Bilateral air services agreements were then extended to multilateral air services agreements. “A multilateral air services agreement is the same as a bilateral air services agreement, the only difference being that it affects more than two states parties” (Wikipedia)4. These agreements subsequently resulted in another form of agreement, known as the “open skies” agreement. The Office of International Aviation and the U.S. Department of State negotiate bilateral and multilateral air transport agreements with U.S. foreign air partners. Such agreements provide the basis for airlines in the countries concerned to provide international air services to passengers, freight and mail. Through air agreements, the United States is developing a competitive operating environment for U.S. airlines between the U.S. and abroad. For information on certain flight contracts, please contact us.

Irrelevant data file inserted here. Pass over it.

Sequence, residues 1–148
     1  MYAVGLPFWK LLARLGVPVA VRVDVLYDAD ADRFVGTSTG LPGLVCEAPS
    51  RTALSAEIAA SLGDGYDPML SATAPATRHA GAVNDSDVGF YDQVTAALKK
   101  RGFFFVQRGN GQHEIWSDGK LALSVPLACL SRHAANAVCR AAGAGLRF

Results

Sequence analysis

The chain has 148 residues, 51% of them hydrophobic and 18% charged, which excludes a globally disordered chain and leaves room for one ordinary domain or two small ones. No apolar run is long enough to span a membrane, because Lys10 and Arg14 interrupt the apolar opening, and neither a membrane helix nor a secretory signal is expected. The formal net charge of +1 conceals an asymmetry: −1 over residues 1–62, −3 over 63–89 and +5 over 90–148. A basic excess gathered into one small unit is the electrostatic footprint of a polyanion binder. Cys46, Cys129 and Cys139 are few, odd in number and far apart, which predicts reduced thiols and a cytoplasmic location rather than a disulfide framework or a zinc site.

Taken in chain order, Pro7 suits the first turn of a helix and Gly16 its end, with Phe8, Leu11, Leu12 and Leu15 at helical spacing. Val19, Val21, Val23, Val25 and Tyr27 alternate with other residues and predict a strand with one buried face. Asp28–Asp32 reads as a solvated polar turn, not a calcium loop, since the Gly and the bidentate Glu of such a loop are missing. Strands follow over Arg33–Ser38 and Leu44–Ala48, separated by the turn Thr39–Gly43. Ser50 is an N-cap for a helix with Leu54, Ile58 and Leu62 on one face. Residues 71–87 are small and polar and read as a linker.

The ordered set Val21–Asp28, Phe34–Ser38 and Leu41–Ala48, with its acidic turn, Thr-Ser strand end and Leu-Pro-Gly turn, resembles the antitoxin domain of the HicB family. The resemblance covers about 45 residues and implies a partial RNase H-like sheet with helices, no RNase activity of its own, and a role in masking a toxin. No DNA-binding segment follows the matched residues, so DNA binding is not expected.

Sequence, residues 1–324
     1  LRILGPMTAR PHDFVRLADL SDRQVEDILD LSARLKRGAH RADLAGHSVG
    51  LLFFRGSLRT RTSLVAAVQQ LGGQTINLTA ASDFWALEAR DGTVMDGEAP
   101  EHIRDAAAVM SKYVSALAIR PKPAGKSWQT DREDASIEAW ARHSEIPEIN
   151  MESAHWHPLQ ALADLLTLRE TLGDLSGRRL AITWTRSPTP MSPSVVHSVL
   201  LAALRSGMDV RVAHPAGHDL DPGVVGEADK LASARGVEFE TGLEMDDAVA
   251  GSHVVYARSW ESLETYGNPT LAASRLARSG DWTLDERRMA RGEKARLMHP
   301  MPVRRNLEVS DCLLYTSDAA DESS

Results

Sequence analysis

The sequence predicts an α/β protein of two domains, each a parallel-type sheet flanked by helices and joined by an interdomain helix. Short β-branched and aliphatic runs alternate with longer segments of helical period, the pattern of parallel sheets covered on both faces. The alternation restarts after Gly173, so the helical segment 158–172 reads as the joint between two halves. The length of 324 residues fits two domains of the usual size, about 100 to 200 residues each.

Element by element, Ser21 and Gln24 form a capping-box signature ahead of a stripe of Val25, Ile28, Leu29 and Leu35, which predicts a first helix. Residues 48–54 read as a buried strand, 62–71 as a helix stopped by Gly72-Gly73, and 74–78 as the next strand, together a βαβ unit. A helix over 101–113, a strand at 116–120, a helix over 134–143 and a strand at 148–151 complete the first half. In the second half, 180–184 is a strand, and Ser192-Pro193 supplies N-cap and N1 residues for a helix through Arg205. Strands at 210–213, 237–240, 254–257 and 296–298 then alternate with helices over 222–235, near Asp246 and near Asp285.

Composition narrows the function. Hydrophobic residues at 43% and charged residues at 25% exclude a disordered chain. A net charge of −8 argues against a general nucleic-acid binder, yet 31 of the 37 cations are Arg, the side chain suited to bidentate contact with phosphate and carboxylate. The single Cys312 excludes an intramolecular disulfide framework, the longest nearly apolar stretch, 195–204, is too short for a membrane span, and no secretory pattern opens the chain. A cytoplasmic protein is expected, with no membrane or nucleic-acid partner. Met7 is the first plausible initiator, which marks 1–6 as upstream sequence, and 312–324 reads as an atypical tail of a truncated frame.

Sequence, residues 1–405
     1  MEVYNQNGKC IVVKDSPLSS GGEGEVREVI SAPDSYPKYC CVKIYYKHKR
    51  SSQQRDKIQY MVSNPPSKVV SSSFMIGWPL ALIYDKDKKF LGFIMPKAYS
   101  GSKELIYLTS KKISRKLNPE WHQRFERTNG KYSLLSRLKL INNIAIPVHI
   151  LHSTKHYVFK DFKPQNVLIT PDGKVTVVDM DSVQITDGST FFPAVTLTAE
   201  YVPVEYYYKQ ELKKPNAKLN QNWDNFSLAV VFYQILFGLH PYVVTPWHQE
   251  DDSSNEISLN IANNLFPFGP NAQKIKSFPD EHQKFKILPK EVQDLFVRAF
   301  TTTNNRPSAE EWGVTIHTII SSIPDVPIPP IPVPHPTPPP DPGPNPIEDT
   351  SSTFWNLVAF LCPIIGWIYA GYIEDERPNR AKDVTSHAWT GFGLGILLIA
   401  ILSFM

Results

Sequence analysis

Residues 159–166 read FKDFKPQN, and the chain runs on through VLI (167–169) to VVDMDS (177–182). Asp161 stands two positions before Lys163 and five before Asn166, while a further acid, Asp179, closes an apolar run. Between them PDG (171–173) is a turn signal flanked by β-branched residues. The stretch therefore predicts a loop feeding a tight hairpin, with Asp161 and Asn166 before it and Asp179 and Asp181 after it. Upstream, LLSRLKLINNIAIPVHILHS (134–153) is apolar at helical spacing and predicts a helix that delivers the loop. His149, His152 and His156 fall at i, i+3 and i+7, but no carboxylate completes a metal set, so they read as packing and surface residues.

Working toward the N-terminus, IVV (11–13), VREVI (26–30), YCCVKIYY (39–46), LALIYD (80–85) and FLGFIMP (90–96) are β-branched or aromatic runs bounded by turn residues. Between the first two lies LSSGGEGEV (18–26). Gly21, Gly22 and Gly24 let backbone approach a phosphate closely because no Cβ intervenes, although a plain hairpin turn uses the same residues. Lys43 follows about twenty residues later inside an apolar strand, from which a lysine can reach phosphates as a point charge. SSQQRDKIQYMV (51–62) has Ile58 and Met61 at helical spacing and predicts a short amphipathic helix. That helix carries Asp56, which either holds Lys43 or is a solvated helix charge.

In order to optimize connectivity, a strong support framework is needed, including the optimal use of air navigation services. B (including liberalisation), aircraft, airport systems, facilitation and security, intermodality and airline activities. If the conditions are met, connectivity brings concrete value that implies that the trend is remarkable: the conclusion of bilateral agreements on “open skies” air services that provide unrestricted access to the traffic rights of third parties, the fourth and fifth freedom, designation, capacity, frequency sharing, code-sharing and tariff sharing. The first such agreement was concluded in 1992 between the Netherlands and the United States. Since then, more and more open-ski agreements (OSAs) have been signed. In September 2016, more than 300 OSA were closed with more than 150 countries, with the United States leading the way with a total of 119 OSA signed. More and more countries have also signed OSA with the European Union or its members. Since 1992, the Ministry has adopted an “open skies” policy to eliminate government involvement in airline decision-making in international markets through routes, capacity and pricing.